Spring will be here soon enough. All lambs will be born and either live or die, everywhere. Mud and snow will dissipate; perennial weeds appearing first, almost impossibly through water logged beds where nothing should be able to grow. City girls will toss their tights and start ordering rose wine in restaurants with greater frequency. Ramps and rhubarb clouding every epicures brain. People will think to start biking again. Dopamine and melatonin levels rise and statistically more people will be falling in love.

I find some semblance of rest in the cycle of it all. Or in my ability to calm down, watch this baby lamb, help it the best I can and then walk away without the emotional anthropomorphized baggage of the story of what's happening to it.

Zooming out slightly, to see the whole scene. Springtime. All the millions of times it's happened here.


17 comments:

Suzonne said...

Thank you for this gift. My heart feels physically full after reading your words, and I am there, caught up in that cycle of life and seasons with you.

annie B said...

Beautifully written as always. Left me with a lump in my throat.

lydia @ lupinelydia said...

name your lambs after russian authors, and name the best one nabokov for me! "existence is a series of footnotes to a vast, obscure, unfinished masterpiece."

Shelley said...

Read The Swerve/ You might prefer Roman Epicureanism.

laughtrack said...

E.B. White characters. Bring the real back to anthropomorphism. :D

Mairead Travins said...

Although I do not own a flock of sheep, I do come from a land of many sheep, so I suggest:

https://simple.wikipedia.org/wiki/List_of_Norse_gods_and_goddesses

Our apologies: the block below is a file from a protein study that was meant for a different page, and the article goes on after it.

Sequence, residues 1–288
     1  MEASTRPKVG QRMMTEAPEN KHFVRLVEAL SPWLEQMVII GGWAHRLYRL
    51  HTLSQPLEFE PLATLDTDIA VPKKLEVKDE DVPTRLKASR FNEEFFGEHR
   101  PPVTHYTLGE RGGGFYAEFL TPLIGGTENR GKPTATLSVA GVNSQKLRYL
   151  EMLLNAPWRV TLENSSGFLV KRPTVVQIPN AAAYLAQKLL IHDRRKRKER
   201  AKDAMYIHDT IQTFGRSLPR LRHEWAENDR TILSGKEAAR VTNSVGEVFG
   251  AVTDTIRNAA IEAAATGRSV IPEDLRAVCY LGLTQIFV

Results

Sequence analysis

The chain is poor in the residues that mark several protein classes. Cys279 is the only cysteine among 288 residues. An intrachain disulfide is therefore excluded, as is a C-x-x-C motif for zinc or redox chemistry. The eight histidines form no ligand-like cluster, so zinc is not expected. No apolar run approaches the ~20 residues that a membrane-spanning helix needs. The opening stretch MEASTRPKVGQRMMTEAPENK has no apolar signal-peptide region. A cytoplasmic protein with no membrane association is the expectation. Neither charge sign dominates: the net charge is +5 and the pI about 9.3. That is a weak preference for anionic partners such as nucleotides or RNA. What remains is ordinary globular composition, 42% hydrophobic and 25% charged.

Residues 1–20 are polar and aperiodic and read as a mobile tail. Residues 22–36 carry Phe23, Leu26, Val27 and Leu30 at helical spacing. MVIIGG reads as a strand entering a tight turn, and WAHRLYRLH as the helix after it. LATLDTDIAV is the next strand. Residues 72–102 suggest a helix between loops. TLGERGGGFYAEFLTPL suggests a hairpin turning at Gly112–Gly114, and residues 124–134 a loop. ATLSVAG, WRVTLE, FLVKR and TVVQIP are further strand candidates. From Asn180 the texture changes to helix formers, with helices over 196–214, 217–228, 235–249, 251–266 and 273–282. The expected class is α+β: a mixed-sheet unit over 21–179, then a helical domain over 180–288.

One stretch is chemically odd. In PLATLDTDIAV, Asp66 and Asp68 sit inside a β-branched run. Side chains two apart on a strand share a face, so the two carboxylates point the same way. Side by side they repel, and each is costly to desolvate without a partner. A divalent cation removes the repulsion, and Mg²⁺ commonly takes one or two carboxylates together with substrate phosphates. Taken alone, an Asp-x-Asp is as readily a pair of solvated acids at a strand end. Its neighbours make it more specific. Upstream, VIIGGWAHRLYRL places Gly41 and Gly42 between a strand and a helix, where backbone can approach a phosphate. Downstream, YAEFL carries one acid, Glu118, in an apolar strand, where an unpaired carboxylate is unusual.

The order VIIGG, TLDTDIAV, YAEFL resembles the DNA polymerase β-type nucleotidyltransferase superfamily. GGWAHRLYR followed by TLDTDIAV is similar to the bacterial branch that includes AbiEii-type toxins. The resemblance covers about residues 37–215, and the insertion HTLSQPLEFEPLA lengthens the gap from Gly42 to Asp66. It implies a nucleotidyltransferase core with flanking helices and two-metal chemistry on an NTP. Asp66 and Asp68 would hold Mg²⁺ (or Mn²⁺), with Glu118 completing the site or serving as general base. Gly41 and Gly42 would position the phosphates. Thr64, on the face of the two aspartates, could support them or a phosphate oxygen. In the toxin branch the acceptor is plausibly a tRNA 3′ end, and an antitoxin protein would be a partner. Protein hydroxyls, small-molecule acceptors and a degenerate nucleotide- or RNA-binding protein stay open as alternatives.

michellemybelle said...

Man. I don't think I will sleep now thinking about what happened to that baby lamb.

Anonymous said...

Pretty pagan Buddhist - buddist? - Shinto, but mainly it is Spring in all its raw cool radiance,

cara said...

Beautiful, and awful. Cheers nature.

Stolen Flowers Farm said...

There's nothing sweeter than a rejected, and bottle-fed, lamb. xoxox

Veronica Roth said...

One of my friends in England bottle raised a rejected lamb called Niblet, who now thinks he's a dog and comes to the back door baa-ing for Harry the Labradoodle to come play. Watching the two of them romping around is hilarious.

Marsha Splenderosa said...

I would so love to experience life as you're describing it. The lambs. What a wonderful, beautiful process, even when the mother shuns her baby. This way YOU get to experience being a mom for a little while. The photo is wonderful !!! Keep posting, we all love it!!!!

Diggin' it said...

Ugh, thats all great! Have you read The Power of Now by Eckhart Tolle?

Rachel said...

If you write a book, any type of book, I will buy it and read it.

Alexa Johnson said...

Giving birth is a return to the wilderness. It can be a crazy crazy thing. ...It took me two weeks before I finally looked down at my baby daughter and felt the bond, the deep connection and undeniable love.

Dottie and her lambs are lucky to have you watching over them. You're lucky to have them as your guides. I imagine you know this already.

Let the lessons come, yes? When we resist, they get even messier.

Heather said...

FOR PETE'S SAKE YOU NEED TO WRITE A BOOK! :-)

Heather said...

You make me cry every time. You are an amazing writer. Thank you.